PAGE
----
A tourist takes pictures on Red Square, Moscow.

Russians Laugh Off UK Tabloid's Wacky World Cup 'Travel Warning'

© Sputnik / Eugene Odinokov
World Cup 2018 Russia News
Get short URL

The Daily Express has called Russia a land of "bizarre laws" and warned that Britons looking to make their way to the country as tourists should keep these laws in mind or face the consequences.

Featuring the frightening headline "Travel warning for Russia: Tourists advised over unusual laws that could end in jail," The Daily Express finds it odd that foreigners visiting Russia are advised to keep their passports with them while out and about for identification purposes.

In addition, it says that tourists should refrain from taking too many pictures, not only of military facilities or personnel, but even "strategically important" sites such as airports. "Those who break this law can face being detained for questioning and arrested," the media outlet warns, citing advice from the Foreign & Commonwealth Office. 

The paper also cautions that drivers with dirty license plates better clean them up fast or face "instant fines," and warns of rampant Russian football hooligans, problems for sexual minorities, and Russia's unusually tough drone laws.

It's uncertain where the tabloid got its information, but much of it is either wrong, outdated, or exaggerated. For example, while it is true that tourists are advised to keep their passports with them at all times, the overwhelming majority have reported that it is extremely unlikely to be stopped and asked for identification. Furthermore, fine or not, many still choose to keep their passports at their hotel, and take just a photocopy with them.

Tourist police in Moscow
© Sputnik / Maksim Blinov
Tourist police in Moscow

Also, no, you don't get a ticket if your license plate has dirt on it; but if it's so dirty that it cannot be read from 20 meters away, you might get a fine. As far as taking pictures, The Daily Express writer has obviously never been to Moscow ahead of the May holidays, where throngs of tourists and locals alike pack into the city center to photograph anything and everything, including the military equipment on display during the Victory Day parade.

Snapping pictures is not against the law at transport hubs such as metro stations or airports. Authorities simply ask that you not focus on security features, such as metro metal detectors or security staff, or airport customs and baggage inspection areas. And no, you won't get kicked out of the country for violating these rules; authorities will usually just ask you to delete the offending photo or video.

The scaremongering in The Daily Express has prompted Russians to flock to the outlet's comments section to point out the facts. A user named Sergey provided a simple, albeit broken English, explanation of where the tabloid got it wrong: "For the absence of documents there is no fine! In the city tak[e] a picture of anything! Launching drones in Europe and [in Russia has] the same laws! In Moscow there is an excellent club for LGBT people [called] Propaganda … and many more such clubs can be found in other cities! Do not believe your poisonous media; come to the World Cup, we will be glad to all!" Sergei wrote.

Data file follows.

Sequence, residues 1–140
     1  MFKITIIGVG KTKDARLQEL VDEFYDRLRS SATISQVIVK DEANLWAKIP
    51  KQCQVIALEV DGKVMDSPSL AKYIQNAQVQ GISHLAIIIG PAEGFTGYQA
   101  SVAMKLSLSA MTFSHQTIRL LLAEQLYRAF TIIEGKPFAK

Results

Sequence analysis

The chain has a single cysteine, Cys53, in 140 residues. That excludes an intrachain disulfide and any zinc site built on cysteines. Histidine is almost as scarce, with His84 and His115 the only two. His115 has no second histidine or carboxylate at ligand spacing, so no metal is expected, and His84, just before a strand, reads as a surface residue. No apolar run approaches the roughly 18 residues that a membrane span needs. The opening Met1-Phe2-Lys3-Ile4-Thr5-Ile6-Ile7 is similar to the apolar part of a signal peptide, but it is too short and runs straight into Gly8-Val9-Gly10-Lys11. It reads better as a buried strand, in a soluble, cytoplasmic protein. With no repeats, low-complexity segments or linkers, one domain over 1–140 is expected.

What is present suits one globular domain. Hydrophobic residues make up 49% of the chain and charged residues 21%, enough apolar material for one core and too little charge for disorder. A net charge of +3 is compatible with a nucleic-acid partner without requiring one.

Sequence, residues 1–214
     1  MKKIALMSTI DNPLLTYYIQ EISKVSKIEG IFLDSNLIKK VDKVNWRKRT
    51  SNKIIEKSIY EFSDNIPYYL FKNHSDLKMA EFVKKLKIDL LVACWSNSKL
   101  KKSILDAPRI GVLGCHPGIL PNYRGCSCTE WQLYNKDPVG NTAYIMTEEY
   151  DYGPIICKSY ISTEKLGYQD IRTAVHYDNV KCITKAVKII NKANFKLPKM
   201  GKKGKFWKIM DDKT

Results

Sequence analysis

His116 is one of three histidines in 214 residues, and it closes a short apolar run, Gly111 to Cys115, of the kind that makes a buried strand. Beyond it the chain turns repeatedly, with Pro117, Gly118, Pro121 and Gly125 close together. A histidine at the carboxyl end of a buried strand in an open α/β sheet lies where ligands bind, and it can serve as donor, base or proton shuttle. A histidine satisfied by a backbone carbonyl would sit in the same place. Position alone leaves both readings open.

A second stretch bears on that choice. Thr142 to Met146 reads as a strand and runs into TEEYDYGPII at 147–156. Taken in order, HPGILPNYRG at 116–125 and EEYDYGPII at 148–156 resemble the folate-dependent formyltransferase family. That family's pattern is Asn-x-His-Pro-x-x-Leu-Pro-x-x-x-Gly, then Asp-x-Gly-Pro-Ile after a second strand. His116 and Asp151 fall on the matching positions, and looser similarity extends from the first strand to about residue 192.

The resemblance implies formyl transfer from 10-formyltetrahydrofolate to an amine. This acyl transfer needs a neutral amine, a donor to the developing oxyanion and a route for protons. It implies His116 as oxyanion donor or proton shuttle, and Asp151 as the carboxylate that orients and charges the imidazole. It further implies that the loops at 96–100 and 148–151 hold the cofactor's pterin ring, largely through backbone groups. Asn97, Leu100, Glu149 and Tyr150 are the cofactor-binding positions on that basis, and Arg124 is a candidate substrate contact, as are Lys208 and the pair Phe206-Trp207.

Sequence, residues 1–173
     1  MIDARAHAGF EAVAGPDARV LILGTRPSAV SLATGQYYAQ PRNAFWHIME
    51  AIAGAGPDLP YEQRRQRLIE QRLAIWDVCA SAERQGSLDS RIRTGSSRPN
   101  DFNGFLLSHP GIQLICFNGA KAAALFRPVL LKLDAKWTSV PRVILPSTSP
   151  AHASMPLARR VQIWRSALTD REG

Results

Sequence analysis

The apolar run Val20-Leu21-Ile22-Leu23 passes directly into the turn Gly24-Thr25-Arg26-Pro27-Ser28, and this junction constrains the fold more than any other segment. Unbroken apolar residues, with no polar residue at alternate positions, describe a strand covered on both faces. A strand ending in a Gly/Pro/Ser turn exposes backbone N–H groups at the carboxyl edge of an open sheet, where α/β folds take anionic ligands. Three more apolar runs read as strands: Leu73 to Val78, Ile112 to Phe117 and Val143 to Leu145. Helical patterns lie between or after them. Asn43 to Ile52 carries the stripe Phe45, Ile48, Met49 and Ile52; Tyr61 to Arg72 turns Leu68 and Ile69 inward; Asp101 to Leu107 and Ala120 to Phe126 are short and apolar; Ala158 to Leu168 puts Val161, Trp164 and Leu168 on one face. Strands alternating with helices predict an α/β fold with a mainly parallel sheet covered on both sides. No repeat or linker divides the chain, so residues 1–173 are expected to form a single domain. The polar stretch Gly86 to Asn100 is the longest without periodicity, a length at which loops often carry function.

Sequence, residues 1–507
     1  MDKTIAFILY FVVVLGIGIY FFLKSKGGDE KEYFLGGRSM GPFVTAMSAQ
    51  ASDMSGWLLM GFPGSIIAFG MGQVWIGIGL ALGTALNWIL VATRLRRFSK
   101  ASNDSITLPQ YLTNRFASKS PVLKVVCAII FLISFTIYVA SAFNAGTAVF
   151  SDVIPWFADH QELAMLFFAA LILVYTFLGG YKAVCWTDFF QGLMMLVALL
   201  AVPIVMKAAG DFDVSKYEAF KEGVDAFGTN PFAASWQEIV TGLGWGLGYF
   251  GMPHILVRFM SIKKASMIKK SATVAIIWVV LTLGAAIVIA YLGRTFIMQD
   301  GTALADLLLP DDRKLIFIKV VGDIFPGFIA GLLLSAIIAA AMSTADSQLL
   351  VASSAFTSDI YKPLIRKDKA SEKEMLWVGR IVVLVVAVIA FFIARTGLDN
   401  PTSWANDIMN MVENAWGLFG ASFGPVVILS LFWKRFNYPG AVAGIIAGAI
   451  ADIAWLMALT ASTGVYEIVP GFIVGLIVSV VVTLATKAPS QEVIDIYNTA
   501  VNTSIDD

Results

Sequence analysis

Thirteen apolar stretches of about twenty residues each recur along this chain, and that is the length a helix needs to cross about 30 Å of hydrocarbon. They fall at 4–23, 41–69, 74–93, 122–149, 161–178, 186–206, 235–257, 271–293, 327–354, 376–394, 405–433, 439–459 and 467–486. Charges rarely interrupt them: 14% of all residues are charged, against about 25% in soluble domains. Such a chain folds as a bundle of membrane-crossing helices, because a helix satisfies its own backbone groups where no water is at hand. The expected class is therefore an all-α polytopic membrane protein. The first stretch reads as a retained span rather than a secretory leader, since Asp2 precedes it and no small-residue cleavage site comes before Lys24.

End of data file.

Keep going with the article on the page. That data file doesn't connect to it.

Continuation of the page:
Tourists in St. Petersburg
© Sputnik / Igor Samoilov
Tourists in St. Petersburg

Other users complained that the article seems to have been written by someone who has never been to Russia. "I'm Russian, it's [a] very ridiculous article. Don't forget to take with your [selfie] sticks for scaring away… bears LOL," Vadim joked.

The article was even translated into Russian by RIA Novosti. There too, commentators had fun in the comments section. "Why just fines and deportation? Why not just a shot of novichok or execution on the spot?" Pavel sarcastically wrote. "Also, we have bears walking around with balalaikas and if a British tourist does not do a dance upon seeing such a bear, the bear will have [the] right to eat him," Ruslan added.

Russia will host its first FIFA World Cup this summer. Matches will take place in a total of 11 cities, including Kaliningrad, Kazan, Moscow, Nizhny Novgorod, Rostov-on-Don, Samara, Saransk, Sochi, St. Petersburg, Volgograd, and Yekaterinburg. Hundreds of thousands of fans from around the world are expected to come to Russia for the event, taking place between June 14 and July 15.


Russia Expects High Number of UK Tourists to Attend 2018 FIFA World Cup
Number of US Tourists Visiting Russia Increased By 25% in 2017
myths, laws, tourism, Russia
Community standardsDiscussion
Comment via SputnikComment via Facebook